," Rick Reilly, the millionaire sports columnist, told the class of 2011 at the University of Colorado's journalism school. (It was the last group of graduates before the J-school is disbanded.) Reilly said:
Nobody asks strippers to strip for free, doctors to doctor for free or professors to profess for free. Have some pride!
The journalism world
about this, according to Romenesko. "
," NBC Sports baseball blogger Craig Calcaterra wrote. "Really, really
," wrote Jason Fry, a former Wall Street Journal staffer turned freelancer and consultant.
This is a changing world, the counter-advice goes. Get experience writing things on your own blog. Take unpaid work to get exposure. The 21st century rewards the bold.
most people do have to either take unpaid internships or blog and otherwise hustle to make it in the media these days. Advice that says "NEVER DO THAT!" is useless, because most of those graduates will be asked to do it.
And now, a word from the philosopher and career expert
Who the FUCK wanna be an M.C. / If you can't get PAAAID / To be a fuckin' M.C.?
Or, if you prefer,
No man but a blockhead ever wrote, except for money.
In practice, Johnson spent a lot of time bogged down in badly funded startups, and he was frequently broke. If it were easy to get paid, he wouldn't have bothered saying anything. That's why that particular piece of advice has survived 200-some years.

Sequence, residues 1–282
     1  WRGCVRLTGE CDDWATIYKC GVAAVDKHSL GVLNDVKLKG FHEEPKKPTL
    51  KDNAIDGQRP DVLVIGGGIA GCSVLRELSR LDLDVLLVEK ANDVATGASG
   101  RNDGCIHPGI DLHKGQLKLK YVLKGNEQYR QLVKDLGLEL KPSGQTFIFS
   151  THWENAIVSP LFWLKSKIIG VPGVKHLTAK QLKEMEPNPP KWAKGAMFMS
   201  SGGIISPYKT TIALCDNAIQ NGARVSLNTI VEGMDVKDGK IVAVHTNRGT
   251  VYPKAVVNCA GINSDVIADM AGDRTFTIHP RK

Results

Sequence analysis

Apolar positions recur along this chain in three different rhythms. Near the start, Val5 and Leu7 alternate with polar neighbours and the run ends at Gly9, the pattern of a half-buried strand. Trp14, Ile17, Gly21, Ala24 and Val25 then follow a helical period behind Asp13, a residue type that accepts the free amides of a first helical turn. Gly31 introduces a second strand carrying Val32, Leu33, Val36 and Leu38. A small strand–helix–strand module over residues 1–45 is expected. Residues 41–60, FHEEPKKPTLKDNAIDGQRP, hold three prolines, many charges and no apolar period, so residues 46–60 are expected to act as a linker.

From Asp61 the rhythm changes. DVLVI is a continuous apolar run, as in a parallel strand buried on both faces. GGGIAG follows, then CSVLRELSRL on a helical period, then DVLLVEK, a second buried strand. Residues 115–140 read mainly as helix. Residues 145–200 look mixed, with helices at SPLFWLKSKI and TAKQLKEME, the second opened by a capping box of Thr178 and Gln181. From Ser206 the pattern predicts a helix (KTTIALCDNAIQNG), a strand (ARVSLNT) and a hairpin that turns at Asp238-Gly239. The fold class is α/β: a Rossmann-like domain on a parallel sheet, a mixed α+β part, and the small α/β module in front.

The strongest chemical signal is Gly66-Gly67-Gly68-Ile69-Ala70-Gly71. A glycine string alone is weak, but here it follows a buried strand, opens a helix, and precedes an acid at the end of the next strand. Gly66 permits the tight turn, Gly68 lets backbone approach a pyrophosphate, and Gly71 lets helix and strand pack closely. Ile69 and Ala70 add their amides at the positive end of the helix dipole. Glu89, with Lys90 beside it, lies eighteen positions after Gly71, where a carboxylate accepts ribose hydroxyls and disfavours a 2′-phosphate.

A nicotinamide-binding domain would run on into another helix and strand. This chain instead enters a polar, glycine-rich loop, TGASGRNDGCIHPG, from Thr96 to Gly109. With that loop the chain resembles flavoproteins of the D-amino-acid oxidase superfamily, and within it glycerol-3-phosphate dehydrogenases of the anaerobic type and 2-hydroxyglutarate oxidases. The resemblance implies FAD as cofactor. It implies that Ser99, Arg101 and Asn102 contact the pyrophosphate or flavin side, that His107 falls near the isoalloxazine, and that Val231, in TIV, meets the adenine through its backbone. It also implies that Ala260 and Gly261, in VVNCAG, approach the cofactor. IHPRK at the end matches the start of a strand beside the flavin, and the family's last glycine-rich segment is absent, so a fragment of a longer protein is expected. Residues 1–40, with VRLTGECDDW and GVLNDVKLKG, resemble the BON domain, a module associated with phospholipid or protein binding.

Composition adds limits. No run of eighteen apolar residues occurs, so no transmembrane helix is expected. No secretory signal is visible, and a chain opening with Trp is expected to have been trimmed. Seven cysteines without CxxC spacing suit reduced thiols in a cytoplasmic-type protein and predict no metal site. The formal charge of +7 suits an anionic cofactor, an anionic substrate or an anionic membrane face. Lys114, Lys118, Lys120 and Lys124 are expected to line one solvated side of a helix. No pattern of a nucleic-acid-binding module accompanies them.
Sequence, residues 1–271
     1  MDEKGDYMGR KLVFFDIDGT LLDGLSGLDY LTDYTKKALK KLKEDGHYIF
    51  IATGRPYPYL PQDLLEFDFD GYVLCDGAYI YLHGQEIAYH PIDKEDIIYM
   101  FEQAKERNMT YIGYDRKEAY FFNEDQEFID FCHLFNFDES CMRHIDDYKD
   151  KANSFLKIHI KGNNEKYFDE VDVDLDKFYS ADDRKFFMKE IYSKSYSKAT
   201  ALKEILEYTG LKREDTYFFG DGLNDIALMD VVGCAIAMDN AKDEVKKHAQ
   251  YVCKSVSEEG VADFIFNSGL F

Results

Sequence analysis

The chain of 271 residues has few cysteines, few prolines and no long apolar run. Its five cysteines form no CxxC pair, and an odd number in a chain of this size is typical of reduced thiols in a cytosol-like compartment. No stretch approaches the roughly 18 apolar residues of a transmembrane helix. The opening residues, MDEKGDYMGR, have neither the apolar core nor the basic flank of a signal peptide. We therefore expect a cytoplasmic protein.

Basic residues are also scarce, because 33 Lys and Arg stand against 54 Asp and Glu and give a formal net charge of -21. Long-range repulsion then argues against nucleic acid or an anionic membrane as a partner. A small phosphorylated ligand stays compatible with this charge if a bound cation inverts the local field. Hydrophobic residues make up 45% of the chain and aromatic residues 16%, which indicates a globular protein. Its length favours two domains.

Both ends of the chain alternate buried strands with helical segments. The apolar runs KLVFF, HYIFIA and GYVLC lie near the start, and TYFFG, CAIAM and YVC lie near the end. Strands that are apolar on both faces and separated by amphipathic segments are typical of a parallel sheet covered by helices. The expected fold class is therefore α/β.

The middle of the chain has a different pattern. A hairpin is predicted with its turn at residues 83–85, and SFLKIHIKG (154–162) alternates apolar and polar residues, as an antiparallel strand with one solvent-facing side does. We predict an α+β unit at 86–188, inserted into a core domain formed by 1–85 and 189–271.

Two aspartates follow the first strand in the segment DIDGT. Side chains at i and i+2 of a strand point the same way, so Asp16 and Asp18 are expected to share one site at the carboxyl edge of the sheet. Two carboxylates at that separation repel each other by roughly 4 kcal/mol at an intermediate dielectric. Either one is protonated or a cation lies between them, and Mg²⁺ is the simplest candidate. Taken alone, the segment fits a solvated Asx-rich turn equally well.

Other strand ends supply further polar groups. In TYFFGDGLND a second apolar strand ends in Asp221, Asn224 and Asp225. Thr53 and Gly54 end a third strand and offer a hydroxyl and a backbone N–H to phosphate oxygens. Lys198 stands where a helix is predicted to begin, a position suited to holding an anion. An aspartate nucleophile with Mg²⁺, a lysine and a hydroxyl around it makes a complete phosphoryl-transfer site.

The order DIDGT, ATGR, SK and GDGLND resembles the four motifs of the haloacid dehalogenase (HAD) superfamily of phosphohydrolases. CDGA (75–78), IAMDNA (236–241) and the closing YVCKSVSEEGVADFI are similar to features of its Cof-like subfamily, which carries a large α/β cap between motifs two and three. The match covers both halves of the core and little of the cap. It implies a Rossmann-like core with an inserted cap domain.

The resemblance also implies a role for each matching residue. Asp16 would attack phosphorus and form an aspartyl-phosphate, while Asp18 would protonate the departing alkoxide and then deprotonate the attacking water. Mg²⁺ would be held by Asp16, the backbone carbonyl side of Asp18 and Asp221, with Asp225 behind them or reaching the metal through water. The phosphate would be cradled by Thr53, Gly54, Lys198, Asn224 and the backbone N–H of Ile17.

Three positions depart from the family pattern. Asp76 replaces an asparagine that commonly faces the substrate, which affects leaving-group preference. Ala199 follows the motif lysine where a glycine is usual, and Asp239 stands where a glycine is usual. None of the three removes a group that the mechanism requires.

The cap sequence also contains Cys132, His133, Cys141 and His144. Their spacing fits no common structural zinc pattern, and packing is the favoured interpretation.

A graduation speech is not the time to talk about practice. It's certainly not the time to talk about practice as if it were principle. Plenty of people will be encouraging the new graduates to write for no money.
So: write a personal blog for free? Sure. Blogging is just the streamlined version of starting a magazine. When the J-schoolers were in kindergarten, people made their blogs at Kinko's and called them "zines."
But self-publishing a blog should never be conflated with an unpaid internship. Unpaid internships are for chumps. They are a disgusting scam that ensures that the pipeline into the industry is clogged with wealthy college kids. There was a time in living memory when media companies paid for entry-level labor—some
, even now—so the people who are offering you the chance to work for free are actually aware that they are ripping you off.
Meanwhile, the Media Industries Project at U.C.-Santa Barbara just
about how they feel about their work:
Ninety-six percent of those surveyed believe that their postings are equal to or more valuable than contributions made by paid editors and curators at HuffPo.
Sixty-nine percent believe bloggers should share in the $315 million payday.
A majority (54%) say HuffPo should develop a flat-rate payment schedule for contributors (based on words per post, for example).
Most respondents (54%) say HuffPo bloggers should press their case through some form of concerted action, such as online organizing or unionization.
Writing for free is not an awesome new paradigm. It is a crappy option that can seem passable in a world where most of the options are crappy. Don't celebrate it.
Every writer needs a little voice—no, a big voice—asking the same thing, over and over:
Yes, sometimes there are opportunities to write great things for lousy or nonexistent pay. Sometimes, you really
or a project before the market gets around to sharing that belief.
Writers will write for free. But whenever you write for free, or for below market rate, you should picture Samuel Johnson stooping over and scrawling BLOCKHEAD on your computer screen. You should hear Ol' Dirty Bastard (right here, at the
). Let Ol' Dirty Bastard be your conscience. Work for money.
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